Funny thing is that since I have started working for the Congressman over 4 years ago, we have had a handful of UPS interns in both the District and DC offices and we currently employ UPS alumni (our current political director in Tacoma and our Staff Assistant/Legislative Correspondent in DC both graduated from UPS in 2004!)
I don't regret the decisions I have made in choosing my career path. Law school will always be there if I get bored or if I decide to fulfill my childhood dream of being a prosecutor. But in the meantime, my current job is exciting and I am learning a lot. I think that sometimes life has a way of changing course, by accident, and you realize that it is for the better.
For instance, I have grown to love healthcare policy and I am actually considering returning to school to get my Masters in Public Health and remaining in the healthcare field. I would have never thought that 4 years ago when I graduated college, but here I am and I cannot imagine my life any other way.
Are there any aspects of the Politics and Government major or your UPS education in general that have served you particularly well?
Absolutely. I feel that my P&G courses at UPS definitely prepared me for my current job. It is my job to essentially read very complex papers and research policies and laws that are confusing and then consolidate that information into a concise and "reader-friendly" memo for my boss. I think back to all of my P&G courses when I cringed at the sheer volume of assigned reading and the 2-5 page papers that I thought were such a waste of time, but in the end...the pace of things in DC moves so fast that I have realized that if to be an effective policy analyst, you need to be able to express your opinion or argument in 1-2 pages or in a well-organized and thoughtfull 1-2 minute speech. It is funny because I joke sometimes that I get paid to do what I once did in school - read and write! Bottom line...the analytical reading and writing skills I developed at UPS through my P&G courses has made me successful in my current position.
Do you have any advice about what our students should make certain they do (or don’t do!) while still in school?
I would recommend for current students not to choose their current course load based on what they think they want to do later in life. Certainly, some of your courses will be affected by that, but having a broad base and diversity of interests and skills are important in differentiating yourself in the workplace. So if you are majoring in P&G, but want to take a psychology course, do it and don't be concerned about it fitting into your "overall master plan" or how it will fit. Being fluent in one or more languages, having a double major, or even a minor can give you the competitive advantage. Studying abroad is a big regret of mine and I feel that I missed out on great learning opportunities by not traveling and studying in another country, so I would recommend all students to take at least a semester to do that.
I would also say never to underestimate the power of internships. I think often times students get turned away by them because many are unpaid, but those can be VERY valuable learning experiences and also GREAT networking opportunities. Make time to do an internship, even if it is part-time and only a few hours a week, during your summer or even during the school year. Internships are a great way to explore your interests and test out certain career paths.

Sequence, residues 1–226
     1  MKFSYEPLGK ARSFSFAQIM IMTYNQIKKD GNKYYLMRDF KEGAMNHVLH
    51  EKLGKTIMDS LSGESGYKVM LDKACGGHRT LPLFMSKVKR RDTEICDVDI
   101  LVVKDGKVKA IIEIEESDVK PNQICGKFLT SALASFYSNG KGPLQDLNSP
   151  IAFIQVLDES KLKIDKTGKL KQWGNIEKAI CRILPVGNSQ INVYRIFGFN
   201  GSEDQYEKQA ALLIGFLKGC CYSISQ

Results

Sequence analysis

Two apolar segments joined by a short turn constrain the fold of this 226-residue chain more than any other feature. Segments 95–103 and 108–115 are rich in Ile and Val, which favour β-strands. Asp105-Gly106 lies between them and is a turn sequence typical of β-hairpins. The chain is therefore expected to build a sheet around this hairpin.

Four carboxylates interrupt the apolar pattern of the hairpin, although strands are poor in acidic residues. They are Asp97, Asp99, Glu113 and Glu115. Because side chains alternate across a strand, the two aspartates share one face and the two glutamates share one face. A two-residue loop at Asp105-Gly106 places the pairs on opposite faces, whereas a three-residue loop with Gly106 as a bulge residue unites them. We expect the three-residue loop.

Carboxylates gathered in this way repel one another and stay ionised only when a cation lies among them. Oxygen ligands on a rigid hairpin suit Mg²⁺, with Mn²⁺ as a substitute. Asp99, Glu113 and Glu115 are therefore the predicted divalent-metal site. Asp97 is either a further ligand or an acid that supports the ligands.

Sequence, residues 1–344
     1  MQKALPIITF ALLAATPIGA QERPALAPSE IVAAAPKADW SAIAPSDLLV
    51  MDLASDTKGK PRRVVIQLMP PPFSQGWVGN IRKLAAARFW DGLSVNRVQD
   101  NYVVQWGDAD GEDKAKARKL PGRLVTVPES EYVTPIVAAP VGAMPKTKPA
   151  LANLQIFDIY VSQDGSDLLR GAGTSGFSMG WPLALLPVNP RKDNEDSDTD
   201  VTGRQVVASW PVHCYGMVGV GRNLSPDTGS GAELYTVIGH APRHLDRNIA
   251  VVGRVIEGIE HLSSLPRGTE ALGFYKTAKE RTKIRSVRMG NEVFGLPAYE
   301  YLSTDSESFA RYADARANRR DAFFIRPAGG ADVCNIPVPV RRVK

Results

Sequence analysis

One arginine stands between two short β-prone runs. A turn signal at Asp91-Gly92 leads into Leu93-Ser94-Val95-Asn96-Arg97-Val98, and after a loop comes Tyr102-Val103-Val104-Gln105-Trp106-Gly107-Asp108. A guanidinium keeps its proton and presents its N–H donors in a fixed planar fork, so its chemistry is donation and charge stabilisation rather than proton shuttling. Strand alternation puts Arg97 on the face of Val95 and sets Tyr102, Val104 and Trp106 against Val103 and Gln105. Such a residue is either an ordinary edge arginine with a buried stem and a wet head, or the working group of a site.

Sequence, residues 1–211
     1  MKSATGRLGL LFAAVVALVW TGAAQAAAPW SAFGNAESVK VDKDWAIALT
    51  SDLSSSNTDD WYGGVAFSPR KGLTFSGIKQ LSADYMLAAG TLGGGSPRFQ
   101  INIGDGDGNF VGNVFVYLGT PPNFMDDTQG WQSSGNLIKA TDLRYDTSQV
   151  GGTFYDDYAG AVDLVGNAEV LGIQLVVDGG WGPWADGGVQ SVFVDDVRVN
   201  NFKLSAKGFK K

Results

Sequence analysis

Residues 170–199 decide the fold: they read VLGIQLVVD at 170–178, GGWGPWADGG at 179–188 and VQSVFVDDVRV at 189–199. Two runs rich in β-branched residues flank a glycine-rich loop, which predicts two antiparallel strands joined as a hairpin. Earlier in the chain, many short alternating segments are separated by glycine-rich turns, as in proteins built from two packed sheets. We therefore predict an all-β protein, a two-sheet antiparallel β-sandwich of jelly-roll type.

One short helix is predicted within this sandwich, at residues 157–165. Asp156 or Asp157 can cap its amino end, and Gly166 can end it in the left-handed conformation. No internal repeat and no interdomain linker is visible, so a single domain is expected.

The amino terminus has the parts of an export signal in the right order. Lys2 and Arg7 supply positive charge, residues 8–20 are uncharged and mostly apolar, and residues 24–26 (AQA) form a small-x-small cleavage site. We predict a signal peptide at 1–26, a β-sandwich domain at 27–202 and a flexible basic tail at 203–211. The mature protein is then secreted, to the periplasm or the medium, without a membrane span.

Do you have any advice about what our students should be thinking about as they consider their careers or further education?
Most importantly, follow your interests because working full-time can sometimes be a drag, especially if you are in a field of work that doesn't interest you. Doing something that you ENJOY will actually make working fun! I would also say not to be afraid to try something new - whether it is a class, an internship, or even a job. I thought I was going to go straight to law school and I took an internship and it has led to a very rewarding career path that I cannot possibly have imagined while I was in college.
Keep in mind that you don't have to STAY in the same career field your entire life. Heck! I still have interests of attending law school, but I also have a strong interest in becoming an elementary school teacher. Two very completely different career paths, but who says you can't try both?
Any other words of wisdom, or important questions I haven’t asked?
When I was a student, I benefited from talking with UPS alumni about their career paths, how they got to where they are, etc. I met a handful of UPS alumni and set up informational interviews and it really helped and it was a great opportunity to learn of internships and jobs. Don't underestimate the power of networking...it could lead to your next job or internship! I would be happy to be a resource to current students if they have interests in working on a political campaign or working in public policy. I can be reached via email at: andreatull[at]hotmail.com
I have attached two pictures.
One is with Senator John Kerry, Presidential Candidate in 2004. I was dressed in a peanut costume and this is one of the more humiliating campaign experiences.
The other is me when I went on a ride-along with the SeaTac Firefighters.
Since I handle labor issues, I do outreach to the labor community, which means I got to get suited up and ride along with some firefighters.
Tuesday, July 11, 2006
Ironically, the one hold-out has been the traditional homepage, where people learned to use HTML or set up their own sites at a site for free or charge. A decade ago faculty building their own homepages was cutting edge. Now they are a burden to maintain, and you find fewer people willing to maintain them.